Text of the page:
In other words, look beyond NVIDIA’s mighty GeForce RTX 3090, and the performance difference between AMD and NVIDIA graphics cards isn’t all that great. However, when things like ray tracing and/or DLSS get turned on, NVIDIA leaps ahead.
If you want the absolute best performance and you’re not so concerned about price, we’d recommend choosing an NVIDIA graphics card.
AMD vs NVIDIA: Power Consumption and Efficiency
As with other aspects of GPU performance, AMD has closed the gap on NVIDIA in recent years. In particular, AMD’s Big Navi architecture (used in the Radeon RX 6000 series of graphics cards), has massively improved the efficiency of AMD’s graphics cards.
AMD’s Navi cards use chips built with TSMC’s 7nm FinFET process and a new architecture which delivers 50% better performance per watt.
Nevertheless, AMD were previously so far behind NVIDIA, that even a massive 50% increase in efficiency didn’t allow them to leapfrog NVIDIA. With NVIDIA’s Ampere architecture pushing higher clocks at the cost of efficiency, the two brands are roughly neck and neck at this point.
So, if we look at the latest generation AMD Big Navi and NVIDIA Ampere GPUs, power and efficiency are remarkably close. In fact, we’d say it’s so close, it’s basically a tie when it comes to power consumption and efficiency.
AMD vs NVIDIA: Featured Technology
How do the two brands’ GPUs compare when it comes to featured technologies?
Both AMD and NVIDIA now support ray tracing. They also both support adaptive sync technology (with NVIDIA doing so with its G-Sync tech, whilst AMD does so with its FreeSync tech).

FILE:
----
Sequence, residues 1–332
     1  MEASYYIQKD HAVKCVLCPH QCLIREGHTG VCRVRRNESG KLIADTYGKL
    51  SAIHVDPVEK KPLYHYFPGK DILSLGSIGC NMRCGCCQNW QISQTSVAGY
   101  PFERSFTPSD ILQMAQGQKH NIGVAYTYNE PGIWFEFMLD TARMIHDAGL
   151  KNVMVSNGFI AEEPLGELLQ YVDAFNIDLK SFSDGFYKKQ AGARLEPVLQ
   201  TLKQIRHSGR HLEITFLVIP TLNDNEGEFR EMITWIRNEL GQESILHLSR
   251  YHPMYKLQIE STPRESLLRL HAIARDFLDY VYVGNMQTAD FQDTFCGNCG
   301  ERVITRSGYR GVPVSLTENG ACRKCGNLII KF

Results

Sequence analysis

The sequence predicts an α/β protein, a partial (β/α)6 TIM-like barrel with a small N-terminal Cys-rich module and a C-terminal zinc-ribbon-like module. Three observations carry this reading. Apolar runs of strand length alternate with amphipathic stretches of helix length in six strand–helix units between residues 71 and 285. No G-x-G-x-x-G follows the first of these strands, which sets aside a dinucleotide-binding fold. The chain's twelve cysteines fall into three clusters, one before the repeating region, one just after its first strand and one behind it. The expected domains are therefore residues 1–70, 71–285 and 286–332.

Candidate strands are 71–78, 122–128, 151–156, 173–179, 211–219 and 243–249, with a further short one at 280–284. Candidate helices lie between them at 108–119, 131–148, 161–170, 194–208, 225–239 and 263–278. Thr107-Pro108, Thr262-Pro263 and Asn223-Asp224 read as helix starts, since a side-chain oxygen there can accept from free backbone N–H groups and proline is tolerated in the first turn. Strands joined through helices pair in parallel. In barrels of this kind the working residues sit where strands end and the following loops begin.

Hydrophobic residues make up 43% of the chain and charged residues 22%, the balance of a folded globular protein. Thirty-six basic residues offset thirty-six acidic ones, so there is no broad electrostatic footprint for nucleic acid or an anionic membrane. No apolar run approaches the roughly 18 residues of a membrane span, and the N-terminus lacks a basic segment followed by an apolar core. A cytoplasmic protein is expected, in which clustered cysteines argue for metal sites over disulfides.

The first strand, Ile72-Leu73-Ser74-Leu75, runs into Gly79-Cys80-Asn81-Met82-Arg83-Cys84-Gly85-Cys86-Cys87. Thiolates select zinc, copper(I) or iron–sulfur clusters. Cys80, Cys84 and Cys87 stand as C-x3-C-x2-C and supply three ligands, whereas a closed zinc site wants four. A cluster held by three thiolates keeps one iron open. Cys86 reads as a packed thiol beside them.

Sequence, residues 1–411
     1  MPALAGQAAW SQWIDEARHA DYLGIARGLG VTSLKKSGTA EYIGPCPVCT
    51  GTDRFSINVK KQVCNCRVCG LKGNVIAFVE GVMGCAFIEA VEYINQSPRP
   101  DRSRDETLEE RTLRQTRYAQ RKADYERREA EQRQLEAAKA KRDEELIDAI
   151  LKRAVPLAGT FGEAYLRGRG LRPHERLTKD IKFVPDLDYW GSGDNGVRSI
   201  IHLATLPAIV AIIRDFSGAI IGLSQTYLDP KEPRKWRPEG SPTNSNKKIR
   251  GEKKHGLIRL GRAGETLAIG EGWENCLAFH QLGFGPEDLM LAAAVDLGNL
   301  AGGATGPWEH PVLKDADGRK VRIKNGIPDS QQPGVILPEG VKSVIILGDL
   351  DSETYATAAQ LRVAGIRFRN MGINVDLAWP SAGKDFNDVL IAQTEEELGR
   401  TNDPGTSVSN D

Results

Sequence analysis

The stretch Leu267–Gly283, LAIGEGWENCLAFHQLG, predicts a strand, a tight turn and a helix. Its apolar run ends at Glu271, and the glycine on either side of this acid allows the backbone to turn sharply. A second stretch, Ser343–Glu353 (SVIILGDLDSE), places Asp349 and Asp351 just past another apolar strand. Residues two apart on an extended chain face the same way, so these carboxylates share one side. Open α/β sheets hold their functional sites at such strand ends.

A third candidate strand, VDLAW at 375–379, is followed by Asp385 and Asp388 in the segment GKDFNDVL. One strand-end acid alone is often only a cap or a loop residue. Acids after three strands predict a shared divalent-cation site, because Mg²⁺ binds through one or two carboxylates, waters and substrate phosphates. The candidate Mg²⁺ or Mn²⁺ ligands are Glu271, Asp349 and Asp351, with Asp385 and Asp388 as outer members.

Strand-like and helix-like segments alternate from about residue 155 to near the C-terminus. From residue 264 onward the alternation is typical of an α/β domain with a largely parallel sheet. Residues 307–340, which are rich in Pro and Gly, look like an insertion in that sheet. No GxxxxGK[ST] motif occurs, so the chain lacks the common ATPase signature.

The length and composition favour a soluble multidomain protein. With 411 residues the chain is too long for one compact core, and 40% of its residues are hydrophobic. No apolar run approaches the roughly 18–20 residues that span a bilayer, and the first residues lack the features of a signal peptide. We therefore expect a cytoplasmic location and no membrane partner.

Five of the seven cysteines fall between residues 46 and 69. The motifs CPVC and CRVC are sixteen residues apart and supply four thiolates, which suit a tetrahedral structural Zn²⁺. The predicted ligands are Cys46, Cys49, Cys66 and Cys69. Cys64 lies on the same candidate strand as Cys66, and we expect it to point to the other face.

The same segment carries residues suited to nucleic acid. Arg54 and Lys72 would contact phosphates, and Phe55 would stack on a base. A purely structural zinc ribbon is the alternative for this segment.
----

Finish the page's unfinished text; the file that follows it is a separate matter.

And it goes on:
However, whilst the two brands have many of the same featured technologies, it’s NVIDIA which generally comes out on top. For example, NVIDIA’s performance in ray tracing is quite a bit higher than AMD’s, even without DLSS.
In terms of adaptive syncing, NVIDIA’s G-Sync is generally higher quality and provides better latency than AMD’s FreeSync.
Looking at video encoding and decoding, NVIDIA takes the lead here too. The Ampere codec supports higher-quality encodes and lower CPU utilisation.
If the featured technology of a GPU is particularly important to you, then NVIDIA should be your graphics card of choice.
AMD vs NVIDIA: Drivers and Software
The constantly changing nature of drivers and software makes it difficult to directly compare NVIDIA and AMD. However, there are a few things we can look at such as driver release schedules and user experience.
AMD conducts yearly overhauls of its drivers. Their Radeon Adrenalin 2020 drivers combined everything in one place in order to simplify things. As well as simplifying their driver architecture, AMD also makes a strong effort to regularly release new drivers and iterations of drivers. AMD generally releases a driver per month, but this will often increase when there are major game launches.
How about NVIDIA? The company tends to follow a similar release schedule to AMD, and will release more drivers during game launches or the arrival of new graphics hardware. A key difference between NVIDIA and AMD, is that NVIDIA’s releases tend to be WHQL (Windows Hardware Quality Labs) certified, whereas AMD’s are not (although being WHQL certified isn’t really a major concern from a gaming point of view).
Those points aside though, there isn’t a huge difference between AMD and NVIDIA when it comes to the way they handle drivers and software.
AMD vs NVIDIA: Which one is best?
Although AMD has made huge improvements and advances in recent years, we’d say that NVIDIA still holds the GPU crown.
AMD certainly lands some solid blows against its rival, particularly around power consumption and efficiency, but NVIDIA easily holds the lead in terms of performance and technology (especially when DLSS and RT is factored in).
BUT, which one you choose is presently governed by very limited supply. If you’re looking for a top of the range GPU (whether it’s AMD or NVIDIA), you may just have to wait until the global silicon market has settled down - which will hopefully be by early 2022...